With so much studying, papers, and stress, sometimes all you want is is a good book to read. However, finding something to read when you’re busy can be stressful, no worries! I’ve streamlined the process for you. From a new novel by author John Green to a book about the human genome, here are nine books to add to your fall reading list.
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1. Isaac’s Storm: A Man, a Time, and the Deadliest Hurricane in History by Erik Larson
Given the amount of natural disasters occurring, it seems right to read about the hurricane that devastated Galveston, Texas. Although Isaac’s Storm preceded Larson’s more famous book The Devil in the White City, his brilliance in journalism is just as evident.
2. Native Speaker by Chang-Rae Lee
This book is phenomenal. Lee writes about the cultural disconnects that result from being a first-generation Asian American. He expresses both the beauty and the absurdity of life through the protagonist, Henry Park. In addition, Lee’s thought-provoking ideas about the human condition and amazing diction heightens his craft.
3. Missoula: Rape and the Justice System in a College Town by Jon Krakauer
Author of the two renowned narrative journalism pieces Into the Wild and Into Thin Air, Jon Krakauer displays a depth of writing revered by critics and readers alike. Published in 2015, Missoula is still relevant and, in my opinion, necessary for every college student. Krakauer focuses on the Montana college town Missoula, the rape culture at the University of Montana and UMT, and how sexual assault is perceived by the surrounding community. Krakauer also paints the picture with individual stories and illuminates different perspectives of the issue.
4. The Gene: An Intimate History by Siddhartha Mukherjee
Both a doctor and an author, Mukherjee writes about the history of the gene from multiple standpoints. An author often featured in The New Yorker, Mukherjee does not disappoint with his recent work. However, at 608 pages, this book is not for the faint of heart (nor for the faint of mind).
5. Turtles All the Way Down by John Green
While college students are often encouraged to pursue complicated books, I find it refreshing to return to authors I enjoyed when I was younger. John Green has a talent for writing meaningful works accessible to anyone, which is great for students. Famous for books such as Paper Towns, Looking for Alaska, and The Fault in Our Stars, Green once again hits the mark with his new book Turtles All the Way Down, which explores the enigma that is the life of a teenager.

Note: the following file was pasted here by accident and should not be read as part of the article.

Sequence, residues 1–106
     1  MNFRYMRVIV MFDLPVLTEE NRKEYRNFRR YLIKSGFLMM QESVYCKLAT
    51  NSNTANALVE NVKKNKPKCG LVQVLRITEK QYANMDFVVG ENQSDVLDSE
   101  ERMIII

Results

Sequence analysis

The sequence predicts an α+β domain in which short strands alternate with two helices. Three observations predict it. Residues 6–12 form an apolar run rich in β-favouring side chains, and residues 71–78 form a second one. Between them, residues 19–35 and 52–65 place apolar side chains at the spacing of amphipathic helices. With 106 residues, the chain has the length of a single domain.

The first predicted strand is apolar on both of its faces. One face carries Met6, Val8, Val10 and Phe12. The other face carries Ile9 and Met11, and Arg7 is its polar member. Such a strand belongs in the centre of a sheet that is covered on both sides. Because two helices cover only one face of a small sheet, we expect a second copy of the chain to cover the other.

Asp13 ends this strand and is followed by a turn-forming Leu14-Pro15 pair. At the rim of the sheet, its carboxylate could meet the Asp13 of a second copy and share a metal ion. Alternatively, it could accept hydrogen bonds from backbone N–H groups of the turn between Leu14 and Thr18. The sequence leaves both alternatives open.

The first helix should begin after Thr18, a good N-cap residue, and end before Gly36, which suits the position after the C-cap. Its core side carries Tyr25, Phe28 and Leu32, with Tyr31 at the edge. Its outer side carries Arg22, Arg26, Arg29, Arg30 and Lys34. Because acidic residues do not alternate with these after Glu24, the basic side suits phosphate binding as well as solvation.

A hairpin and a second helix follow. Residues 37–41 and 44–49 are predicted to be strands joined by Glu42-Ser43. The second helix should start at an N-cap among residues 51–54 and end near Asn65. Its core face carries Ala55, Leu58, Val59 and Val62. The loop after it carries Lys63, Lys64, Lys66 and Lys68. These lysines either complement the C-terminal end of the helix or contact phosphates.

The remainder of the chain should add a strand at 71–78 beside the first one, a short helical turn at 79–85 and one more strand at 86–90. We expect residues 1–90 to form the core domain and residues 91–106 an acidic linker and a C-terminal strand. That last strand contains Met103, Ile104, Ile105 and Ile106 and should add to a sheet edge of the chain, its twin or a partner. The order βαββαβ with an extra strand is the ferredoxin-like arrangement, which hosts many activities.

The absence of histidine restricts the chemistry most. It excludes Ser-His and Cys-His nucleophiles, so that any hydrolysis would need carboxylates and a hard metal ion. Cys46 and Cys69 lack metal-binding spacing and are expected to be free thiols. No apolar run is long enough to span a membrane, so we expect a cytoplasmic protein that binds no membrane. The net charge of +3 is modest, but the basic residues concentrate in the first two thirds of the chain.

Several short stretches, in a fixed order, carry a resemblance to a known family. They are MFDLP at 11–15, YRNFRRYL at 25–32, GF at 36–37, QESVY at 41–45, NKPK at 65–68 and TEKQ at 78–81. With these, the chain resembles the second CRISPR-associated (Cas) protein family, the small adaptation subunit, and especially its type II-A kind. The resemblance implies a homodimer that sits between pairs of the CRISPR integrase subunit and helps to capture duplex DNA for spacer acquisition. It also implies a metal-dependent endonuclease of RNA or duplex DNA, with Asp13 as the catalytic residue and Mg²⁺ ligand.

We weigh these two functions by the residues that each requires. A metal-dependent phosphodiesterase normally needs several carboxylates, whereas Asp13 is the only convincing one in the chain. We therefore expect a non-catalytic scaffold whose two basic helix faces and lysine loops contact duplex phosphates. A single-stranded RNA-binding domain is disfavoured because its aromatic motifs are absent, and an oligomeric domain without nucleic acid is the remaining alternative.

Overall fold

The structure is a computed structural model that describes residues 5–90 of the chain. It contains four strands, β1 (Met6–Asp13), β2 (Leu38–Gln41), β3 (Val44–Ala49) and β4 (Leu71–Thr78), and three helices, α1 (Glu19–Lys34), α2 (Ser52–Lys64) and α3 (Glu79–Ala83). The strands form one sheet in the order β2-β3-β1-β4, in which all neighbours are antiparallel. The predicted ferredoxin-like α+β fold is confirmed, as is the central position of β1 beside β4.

6. The Emotional Brain: The Mysterious Underpinnings of Emotional Life by Joseph LeDoux
Despite the complicated nature of the subject matter, LeDoux is able to explain it in an understandable way. The Emotional Brain takes on several difficult questions, including how our past traumas affect our present emotions. Moreover, like a more sophisticated version of Pixar’s Inside Out, this book shows what happens within our brains as a result of our emotions.
7. Between the World and Me by Ta-Nehisi Coates
If there is one book that captures the fight for the soul of America today, it’s Coates’s rendition of the war waged against the black body in America today. Coates vividly describes his own journey from the ghetto to Howard University. His book is also bitter and vengeful, but is ultimately a story of redemption and a call for unity against the socio economic forces that separate us.
8. It By Stephen King
“… to be read in a well-lit room only.”
– Los Angeles Times
This quote is enough to ward me off, but for lovers of horror movies, give this book a chance before watching the film adaptation. Get in the Halloween spirit by reading about creepy, murderous clowns that lurk in sewers.
9. The Sun and Her Flowers by Rupi Kaur
Instagram’s favorite poet Rupi Kaur released her second collection of poems on October 3, which means you’re early enough to read it and still be hip! Kaur imbues her simple poems with layers of meaning and is lauded by countless people for her truth.